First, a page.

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Criminal case launched against Georgian observers in Ukraine

By Mzia Kupunia
Thursday, January 28
The Prosecutor’s Office of the city of Dontesk in Ukraine has launched a criminal case against Georgia's election observers for using “fake documentation” at the Presidential elections on January 17, RIA Novosti has reported. The Mayor of Donetsk, Alexander Lukyanchenko, announced this at a press conference on Tuesday.

“Having studied all the materials presented, all the temporary accreditations, the Prosecutor’s Office has concluded that the actions [of the observers] were illegal,” Lukyanchenko told journalists.

The Mayor claimed that about 500 Georgian citizens, who arrived to Donetsk to observe the first round of elections, are still in the city. More Georgian citizens are expected to arrive there for the second round of elections planned for February 7, according to Lukyanchenko. “The Georgians remaining in Donetsk are booking rooms in hotels,” he claimed.

Speaking to journalists, the Donetsk Mayor said that some of the Georgian observers did not have enough qualifications for monitoring the elections. “I have some data from the CEC of Ukraine, which says that 119 of the people who came to Ukraine from Georgia had duplicated applications. None of the 199 observers had any experience of monitoring elections,” he noted, adding that 1,466 of the Georgian observers were unemployed and “some even put their signature in the box marked 'occupation.' So the CEC's conclusion is that a typical Georgian observer is a young man with no education, jobless, without any experience of monitoring elections and without a permanent address,” Ukraine news agency UNIAN quoted the Mayor as saying.

Lukyanchenko has sent a letter to Georgia’s Ambassador in Ukraine Grigol Katamadze seeking to “prevent the residence and arrival of Georgian citizens in Donetsk during the election period without preliminary registration at the CEC.” The Donetsk Mayor has also requested Katamadze to “ensure compliance with all norms of Ukraine legislation by the Georgians in Donetsk.”

Former Chairman of the Georgian CEC Levan Tarkhnishvili, who is now in Ukraine, has said that he does not possess any information about a criminal case being launched against the Georgian observers. He denied the claims of the Donetsk Mayor, saying that all Georgian observers had already left Ukraine. “Two planeloads of Georgian observers left for Tbilisi the second day after the first round of elections, so I do not understand where such information comes from,” Tarkhnishvili told Interpressnews on Tuesday.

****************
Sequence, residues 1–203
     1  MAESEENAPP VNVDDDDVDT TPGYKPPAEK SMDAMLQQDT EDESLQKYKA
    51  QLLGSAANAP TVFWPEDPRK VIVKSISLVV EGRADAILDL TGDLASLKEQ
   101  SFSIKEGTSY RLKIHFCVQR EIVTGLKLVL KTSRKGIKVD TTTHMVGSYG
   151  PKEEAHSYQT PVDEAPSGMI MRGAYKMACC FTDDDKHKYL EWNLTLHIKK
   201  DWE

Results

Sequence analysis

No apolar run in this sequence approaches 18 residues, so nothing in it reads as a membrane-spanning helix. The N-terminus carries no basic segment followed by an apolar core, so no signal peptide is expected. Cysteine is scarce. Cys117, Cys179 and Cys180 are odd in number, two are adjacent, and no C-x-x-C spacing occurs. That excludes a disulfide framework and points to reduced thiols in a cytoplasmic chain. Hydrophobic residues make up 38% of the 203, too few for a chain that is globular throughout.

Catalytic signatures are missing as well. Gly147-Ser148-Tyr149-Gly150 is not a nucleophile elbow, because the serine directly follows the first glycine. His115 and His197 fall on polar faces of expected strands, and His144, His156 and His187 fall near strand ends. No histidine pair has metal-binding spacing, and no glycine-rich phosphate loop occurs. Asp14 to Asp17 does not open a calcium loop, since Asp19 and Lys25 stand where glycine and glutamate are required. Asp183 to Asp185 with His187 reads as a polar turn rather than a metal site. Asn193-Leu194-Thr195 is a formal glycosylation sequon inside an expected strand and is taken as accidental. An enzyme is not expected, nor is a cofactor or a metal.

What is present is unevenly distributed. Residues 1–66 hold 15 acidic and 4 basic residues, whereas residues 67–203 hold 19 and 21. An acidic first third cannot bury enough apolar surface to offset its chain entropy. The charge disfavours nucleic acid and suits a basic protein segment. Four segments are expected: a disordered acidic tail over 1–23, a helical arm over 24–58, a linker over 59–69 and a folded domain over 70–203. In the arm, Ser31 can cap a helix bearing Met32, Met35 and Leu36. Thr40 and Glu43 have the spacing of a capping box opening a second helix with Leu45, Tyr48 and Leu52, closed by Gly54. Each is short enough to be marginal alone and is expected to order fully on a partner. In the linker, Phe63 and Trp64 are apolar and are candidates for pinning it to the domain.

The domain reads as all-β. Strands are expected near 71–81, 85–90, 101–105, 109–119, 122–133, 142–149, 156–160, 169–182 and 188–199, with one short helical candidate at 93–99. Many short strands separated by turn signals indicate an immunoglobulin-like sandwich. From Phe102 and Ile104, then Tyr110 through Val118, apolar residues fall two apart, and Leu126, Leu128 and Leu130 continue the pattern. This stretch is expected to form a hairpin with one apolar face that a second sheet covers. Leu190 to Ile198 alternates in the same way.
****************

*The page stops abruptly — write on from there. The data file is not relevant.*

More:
The Georgian Foreign Ministry also denied the Russian and Ukrainian reports that a criminal case had been launched. Deputy Foreign Minister Nino Kalandadze said on Wednesday that “According to the information we possess, no criminal case has been launched, but this has been suggested by some political parties. We will see later if there are grounds for launching a case,” Kalandadze noted. The Georgian Central Election Commission has not received any notification about the launching of a criminal case against the Georgian observers either, the CEC Press Service has told The Messenger.

One of the Presidential candidates, Yulia Tymoshenko, slammed the Party of the Regions over the Georgian observers row, calling it a “cheap provocation.” Speaking to the Ukrainskaya Pravda newspaper, Tymoshenko confirmed that the taped phone conversation between her and Georgian President Mikheil Saakashvili was authentic. However she denied making a deal with him about sending “fighters” from Georgia as observers.

“Do you really think that the President can call the Prime Minister and suggest dubious things? This is a cheap provocation,” Tymoshenko said. She noted that in the conversation Saakashvili meant sending “efficient” people to observe the elections in Ukraine, and not “fighters”, as the word has been interpreted by Tymoshenko’s opponents.